Edgar Cochran’s review published on Letterboxd:
Ant-Man (2015) was the first proof I needed to witness how the ideological boundaries of the MCU could elevate the director’s quality to a degree that he had never reached before. Peyton Reed had quite a bad comedy career behind him and with the Marvel Studios giving him a “go” he was able to create his most entertaining film.
Scott Derrickson is no exception. Having made extremely generic horror films, with one of them being a painfully ridiculous sequel, he expands his vision through cyriak-influenced hallucinogenic depictions of the multiverse with metaphysical possibilities that would make said YouTube artist probably raise his eyebrow in a sign of approval even if CGI is the fuel that powers this ambitious horse. Add some anime influences and mind-twisting perceptions of reality from Nolan’s Inception (2010) and you’ve got another solid “origins” introduction story of the component of events that will take place at a larger scale in the future with Infinity War. He still commits the childish sins of including jump-scenes as the bad manners he learned from his average career in horror, but this marginally surpasses the quality of all introduction stories of the first stage of the MCU and utilizes fairly the opportunities granted by the scope of the comic-book universe.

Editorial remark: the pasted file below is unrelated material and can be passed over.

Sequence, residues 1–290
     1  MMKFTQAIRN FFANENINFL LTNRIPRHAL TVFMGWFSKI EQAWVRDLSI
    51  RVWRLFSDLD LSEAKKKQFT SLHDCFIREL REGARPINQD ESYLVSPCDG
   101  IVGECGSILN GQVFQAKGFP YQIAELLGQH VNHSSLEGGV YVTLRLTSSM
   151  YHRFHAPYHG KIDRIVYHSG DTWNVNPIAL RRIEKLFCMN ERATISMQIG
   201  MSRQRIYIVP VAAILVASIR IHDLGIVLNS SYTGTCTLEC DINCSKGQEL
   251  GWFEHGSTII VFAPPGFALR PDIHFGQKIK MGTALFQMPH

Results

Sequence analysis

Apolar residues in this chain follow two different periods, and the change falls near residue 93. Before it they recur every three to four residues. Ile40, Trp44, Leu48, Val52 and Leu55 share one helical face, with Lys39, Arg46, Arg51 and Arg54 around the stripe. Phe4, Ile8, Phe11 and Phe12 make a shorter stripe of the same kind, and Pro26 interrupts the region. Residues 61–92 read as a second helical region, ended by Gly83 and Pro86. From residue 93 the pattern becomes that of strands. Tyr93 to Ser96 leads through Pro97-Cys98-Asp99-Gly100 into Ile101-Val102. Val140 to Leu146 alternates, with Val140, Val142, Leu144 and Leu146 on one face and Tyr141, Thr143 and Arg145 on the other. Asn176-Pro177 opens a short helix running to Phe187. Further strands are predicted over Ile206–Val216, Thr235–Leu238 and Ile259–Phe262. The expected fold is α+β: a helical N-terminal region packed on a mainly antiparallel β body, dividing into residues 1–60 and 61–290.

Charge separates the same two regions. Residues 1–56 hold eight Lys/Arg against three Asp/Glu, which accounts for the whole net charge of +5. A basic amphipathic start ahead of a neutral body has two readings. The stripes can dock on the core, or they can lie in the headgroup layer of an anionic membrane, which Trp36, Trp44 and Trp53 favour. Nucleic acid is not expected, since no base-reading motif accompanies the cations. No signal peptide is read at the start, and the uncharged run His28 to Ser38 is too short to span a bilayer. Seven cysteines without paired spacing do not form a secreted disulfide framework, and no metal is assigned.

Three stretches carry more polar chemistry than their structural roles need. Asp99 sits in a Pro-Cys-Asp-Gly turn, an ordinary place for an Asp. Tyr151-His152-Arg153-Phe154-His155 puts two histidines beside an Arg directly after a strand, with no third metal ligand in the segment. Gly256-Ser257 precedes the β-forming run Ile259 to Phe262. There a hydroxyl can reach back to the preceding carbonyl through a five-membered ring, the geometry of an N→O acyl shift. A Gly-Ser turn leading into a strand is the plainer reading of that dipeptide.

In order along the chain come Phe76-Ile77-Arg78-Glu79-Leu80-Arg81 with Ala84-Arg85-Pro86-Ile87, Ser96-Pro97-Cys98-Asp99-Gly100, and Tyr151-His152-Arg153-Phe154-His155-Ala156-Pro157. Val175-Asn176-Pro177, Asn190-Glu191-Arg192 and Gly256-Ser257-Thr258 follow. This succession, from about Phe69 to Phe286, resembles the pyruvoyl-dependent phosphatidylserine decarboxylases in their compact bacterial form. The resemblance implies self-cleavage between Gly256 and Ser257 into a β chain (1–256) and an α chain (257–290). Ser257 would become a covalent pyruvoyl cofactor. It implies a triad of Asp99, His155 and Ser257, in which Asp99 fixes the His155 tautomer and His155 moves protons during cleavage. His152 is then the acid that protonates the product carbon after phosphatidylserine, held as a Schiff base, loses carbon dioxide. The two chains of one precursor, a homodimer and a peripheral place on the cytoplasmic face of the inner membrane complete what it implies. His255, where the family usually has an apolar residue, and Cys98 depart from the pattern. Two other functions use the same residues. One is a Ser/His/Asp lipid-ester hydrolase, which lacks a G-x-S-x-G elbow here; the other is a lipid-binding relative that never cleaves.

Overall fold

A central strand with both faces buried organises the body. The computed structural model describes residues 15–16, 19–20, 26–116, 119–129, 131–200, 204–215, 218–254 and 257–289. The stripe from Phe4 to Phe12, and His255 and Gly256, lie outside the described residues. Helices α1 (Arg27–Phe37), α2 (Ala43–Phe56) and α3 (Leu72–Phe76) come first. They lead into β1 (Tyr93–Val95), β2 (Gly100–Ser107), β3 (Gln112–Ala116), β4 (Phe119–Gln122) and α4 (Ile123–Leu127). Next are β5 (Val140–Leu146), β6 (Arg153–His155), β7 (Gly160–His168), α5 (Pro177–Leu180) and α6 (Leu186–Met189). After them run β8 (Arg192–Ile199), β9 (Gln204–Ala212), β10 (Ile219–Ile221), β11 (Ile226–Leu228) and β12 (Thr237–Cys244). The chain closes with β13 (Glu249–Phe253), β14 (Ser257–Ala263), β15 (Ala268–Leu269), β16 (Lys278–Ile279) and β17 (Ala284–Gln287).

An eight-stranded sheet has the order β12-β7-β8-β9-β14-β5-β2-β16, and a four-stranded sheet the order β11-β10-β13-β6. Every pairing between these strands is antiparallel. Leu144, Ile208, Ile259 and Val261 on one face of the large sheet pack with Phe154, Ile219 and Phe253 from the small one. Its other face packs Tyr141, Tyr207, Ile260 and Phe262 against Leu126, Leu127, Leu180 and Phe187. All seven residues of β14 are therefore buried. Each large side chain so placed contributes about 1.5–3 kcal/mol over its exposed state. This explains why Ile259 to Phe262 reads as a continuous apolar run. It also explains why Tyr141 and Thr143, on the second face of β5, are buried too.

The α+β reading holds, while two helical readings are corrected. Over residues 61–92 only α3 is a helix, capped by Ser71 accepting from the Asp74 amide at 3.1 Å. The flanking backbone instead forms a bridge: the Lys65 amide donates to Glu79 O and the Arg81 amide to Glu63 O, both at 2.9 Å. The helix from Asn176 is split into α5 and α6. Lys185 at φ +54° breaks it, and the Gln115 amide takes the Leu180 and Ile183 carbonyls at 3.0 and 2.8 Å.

It is worth a shot as the director’s best film. I might not be a huge fan of the modern superhero cinematic frenzy, but it is rather humorous how Stan Lee’s huge creativity keeps putting in a better position the names of directors with somewhat shameful careers. Paradoxically, though, big and more renowned directors like Kenneth Branagh suffer a decay in quality, so perhaps they should stay away from the interests of big studios unless the financial motivation is, nowadays, their main incentive in the industry.